The International Journal of Neuropsychopharmacology

Reviews

Overview of antidepressant treatment of bipolar depression

Gustavo H. Vázqueza1a2 c1, Leonardo Tondoa1a3a4, Juan Undurragaa1a5 and Ross J. Baldessarinia1a3

a1 International Consortium for Bipolar and Psychotic Disorder Research, McLean Hospital, Belmont, MA, USA

a2 Department of Neuroscience, Palermo University, Buenos Aires, Argentina

a3 Department of Psychiatry, Harvard Medical School, Boston, MA, USA

a4 Lucio Bini Mood Disorders Center, Cagliari, Sardinia, Italy

a5 Bipolar Disorders Program, Institute of Neuroscience, Hospital Clínic Barcelona, IDIBAPS, CIBERSAM, University of Barcelona, Spain

Abstract

Bipolar depression remains a major unresolved challenge for psychiatric therapeutics. It is associated with significant disability and mortality and represents the major proportion of the approximately half of follow-up time spent in morbid states despite use of available treatments. Evidence regarding effectiveness of standard treatments, particularly with antidepressants, remains limited and inconsistent. We reviewed available clinical and research literature concerning treatment with antidepressants in bipolar depression and its comparison with unipolar depression. Research evidence concerning efficacy and safety of commonly used antidepressant treatments for acute bipolar depression is very limited. Nevertheless, an updated meta-analysis indicated that overall efficacy was significantly greater with antidepressants than with placebo-treatment and not less than was found in trials for unipolar major depression. Moreover, risks of non-spontaneous mood-switching specifically associated with antidepressant treatment are less than appears to be widely believed. The findings encourage additional efforts to test antidepressants adequately in bipolar depression, and to consider options for depression in types I vs. II bipolar disorder, depression with subsyndromal hypomania and optimal treatment of mixed agitated-dysphoric states – both short- and long-term. Many therapeutic trials considered were small, varied in design, often involved co-treatments, or lacked adequate controls.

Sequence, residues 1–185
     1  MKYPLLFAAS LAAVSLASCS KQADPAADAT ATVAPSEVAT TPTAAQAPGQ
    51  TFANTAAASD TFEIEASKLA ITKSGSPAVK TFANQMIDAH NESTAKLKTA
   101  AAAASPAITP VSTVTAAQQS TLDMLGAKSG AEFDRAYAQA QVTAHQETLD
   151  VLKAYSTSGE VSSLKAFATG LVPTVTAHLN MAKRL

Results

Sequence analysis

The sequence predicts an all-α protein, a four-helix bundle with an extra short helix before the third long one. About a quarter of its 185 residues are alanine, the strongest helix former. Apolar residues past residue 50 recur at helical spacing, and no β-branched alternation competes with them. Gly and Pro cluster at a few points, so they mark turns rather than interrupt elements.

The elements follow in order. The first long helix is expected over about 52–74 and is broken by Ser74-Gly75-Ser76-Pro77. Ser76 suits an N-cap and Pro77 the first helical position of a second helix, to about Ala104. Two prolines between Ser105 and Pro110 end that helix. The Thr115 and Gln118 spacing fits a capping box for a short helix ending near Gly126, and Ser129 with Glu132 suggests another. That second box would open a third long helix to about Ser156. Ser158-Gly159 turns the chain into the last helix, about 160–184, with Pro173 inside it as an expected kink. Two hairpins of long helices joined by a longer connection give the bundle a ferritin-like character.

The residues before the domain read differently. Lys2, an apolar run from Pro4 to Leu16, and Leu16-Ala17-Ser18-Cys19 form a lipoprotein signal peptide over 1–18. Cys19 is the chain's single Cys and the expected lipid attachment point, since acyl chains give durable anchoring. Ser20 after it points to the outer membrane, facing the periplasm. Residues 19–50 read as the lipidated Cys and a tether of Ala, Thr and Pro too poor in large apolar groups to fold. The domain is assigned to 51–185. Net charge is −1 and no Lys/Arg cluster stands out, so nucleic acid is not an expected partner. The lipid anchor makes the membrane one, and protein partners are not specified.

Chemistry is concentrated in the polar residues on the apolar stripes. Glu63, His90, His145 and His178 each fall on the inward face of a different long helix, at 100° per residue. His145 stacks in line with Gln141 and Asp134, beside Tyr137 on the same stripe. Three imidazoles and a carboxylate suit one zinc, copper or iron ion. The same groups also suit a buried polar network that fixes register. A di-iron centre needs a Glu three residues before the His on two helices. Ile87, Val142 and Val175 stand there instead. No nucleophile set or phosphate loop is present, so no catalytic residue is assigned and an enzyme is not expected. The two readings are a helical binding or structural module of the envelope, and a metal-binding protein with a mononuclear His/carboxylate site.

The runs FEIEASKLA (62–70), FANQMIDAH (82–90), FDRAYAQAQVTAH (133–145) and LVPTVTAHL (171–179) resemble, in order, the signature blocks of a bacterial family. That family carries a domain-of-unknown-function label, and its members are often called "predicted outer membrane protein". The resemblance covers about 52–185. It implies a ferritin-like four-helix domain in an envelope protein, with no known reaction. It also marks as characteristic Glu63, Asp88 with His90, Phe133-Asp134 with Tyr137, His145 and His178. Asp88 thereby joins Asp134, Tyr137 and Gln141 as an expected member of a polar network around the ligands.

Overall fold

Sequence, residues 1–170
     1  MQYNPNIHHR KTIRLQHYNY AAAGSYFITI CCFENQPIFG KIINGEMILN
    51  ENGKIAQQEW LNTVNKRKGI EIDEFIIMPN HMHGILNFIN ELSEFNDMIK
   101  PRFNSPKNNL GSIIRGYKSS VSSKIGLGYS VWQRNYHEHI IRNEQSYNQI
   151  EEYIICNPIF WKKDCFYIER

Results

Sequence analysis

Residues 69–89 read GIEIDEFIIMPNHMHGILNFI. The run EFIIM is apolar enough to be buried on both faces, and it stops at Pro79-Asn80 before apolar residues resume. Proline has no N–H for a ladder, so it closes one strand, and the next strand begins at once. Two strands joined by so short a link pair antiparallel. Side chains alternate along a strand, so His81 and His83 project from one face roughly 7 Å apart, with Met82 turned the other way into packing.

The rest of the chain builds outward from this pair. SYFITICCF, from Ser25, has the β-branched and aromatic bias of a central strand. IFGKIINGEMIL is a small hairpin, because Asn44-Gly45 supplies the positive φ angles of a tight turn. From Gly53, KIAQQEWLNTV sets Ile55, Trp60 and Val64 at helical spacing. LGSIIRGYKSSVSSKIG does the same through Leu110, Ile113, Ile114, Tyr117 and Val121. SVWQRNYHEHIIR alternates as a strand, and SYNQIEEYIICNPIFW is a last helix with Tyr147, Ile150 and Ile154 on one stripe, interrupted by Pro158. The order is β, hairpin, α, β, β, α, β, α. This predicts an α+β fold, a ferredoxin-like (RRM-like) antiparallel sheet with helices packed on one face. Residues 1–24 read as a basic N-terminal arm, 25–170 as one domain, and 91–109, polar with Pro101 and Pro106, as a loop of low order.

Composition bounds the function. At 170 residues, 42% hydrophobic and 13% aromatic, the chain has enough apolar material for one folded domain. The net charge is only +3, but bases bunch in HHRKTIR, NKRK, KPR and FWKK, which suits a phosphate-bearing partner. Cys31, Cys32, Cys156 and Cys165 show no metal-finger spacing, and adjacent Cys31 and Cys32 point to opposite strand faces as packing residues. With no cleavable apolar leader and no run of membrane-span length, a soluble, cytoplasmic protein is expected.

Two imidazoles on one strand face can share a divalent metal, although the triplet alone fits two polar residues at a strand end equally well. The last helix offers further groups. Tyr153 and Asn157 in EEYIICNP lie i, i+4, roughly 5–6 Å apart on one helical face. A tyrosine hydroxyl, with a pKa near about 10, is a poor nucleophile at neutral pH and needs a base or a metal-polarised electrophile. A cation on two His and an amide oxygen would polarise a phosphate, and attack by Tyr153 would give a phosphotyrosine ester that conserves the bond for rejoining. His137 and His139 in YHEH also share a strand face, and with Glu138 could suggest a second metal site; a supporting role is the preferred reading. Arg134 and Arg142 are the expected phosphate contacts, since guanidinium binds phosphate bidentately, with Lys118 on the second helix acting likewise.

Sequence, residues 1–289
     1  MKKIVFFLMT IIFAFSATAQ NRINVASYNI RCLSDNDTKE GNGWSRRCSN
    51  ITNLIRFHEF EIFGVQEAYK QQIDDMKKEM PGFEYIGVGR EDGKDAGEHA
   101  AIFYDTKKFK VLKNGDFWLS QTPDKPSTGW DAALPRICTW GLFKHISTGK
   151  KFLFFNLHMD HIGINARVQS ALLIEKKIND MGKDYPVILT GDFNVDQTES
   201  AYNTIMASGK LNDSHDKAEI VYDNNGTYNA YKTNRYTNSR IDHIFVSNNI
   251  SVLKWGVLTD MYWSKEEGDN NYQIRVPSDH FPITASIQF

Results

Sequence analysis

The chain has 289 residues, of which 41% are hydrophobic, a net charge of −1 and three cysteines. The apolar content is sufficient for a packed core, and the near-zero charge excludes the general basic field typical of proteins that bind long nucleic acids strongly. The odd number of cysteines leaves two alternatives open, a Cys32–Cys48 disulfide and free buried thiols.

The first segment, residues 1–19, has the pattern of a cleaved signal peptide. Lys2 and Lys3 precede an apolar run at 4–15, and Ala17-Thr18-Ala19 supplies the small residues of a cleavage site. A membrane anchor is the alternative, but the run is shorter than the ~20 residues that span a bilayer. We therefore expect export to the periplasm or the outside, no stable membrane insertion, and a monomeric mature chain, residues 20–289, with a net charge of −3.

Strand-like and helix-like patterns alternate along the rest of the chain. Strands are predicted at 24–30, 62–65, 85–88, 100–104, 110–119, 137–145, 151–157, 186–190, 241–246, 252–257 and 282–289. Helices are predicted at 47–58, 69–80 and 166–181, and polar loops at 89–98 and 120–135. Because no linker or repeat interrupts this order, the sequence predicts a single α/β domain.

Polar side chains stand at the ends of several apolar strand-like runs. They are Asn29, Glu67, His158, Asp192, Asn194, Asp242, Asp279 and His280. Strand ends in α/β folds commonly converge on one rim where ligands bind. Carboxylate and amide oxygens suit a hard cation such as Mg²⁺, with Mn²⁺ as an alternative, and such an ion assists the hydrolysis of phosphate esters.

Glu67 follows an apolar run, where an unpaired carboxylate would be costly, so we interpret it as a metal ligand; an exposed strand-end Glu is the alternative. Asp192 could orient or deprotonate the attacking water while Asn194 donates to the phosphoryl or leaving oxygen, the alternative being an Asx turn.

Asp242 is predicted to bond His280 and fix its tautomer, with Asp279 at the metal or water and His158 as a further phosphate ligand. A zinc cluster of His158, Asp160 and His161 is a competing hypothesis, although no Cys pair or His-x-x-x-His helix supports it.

(Received November 02 2012)

(Reviewed November 20 2012)

(Revised December 29 2012)

(Accepted January 08 2013)

(Online publication February 22 2013)

Key words

  • Antidepressants;
  • bipolar disorders;
  • depression;
  • treatment

Correspondence

c1 Address for correspondence: Dr G. Vázquez, Department of Neuroscience, Palermo University, Buenos Aires, Argentina. Tel.: 0054 11 4826 0770 Fax: 0054 11 4826 0770 Email: gazquez@palermo.edu

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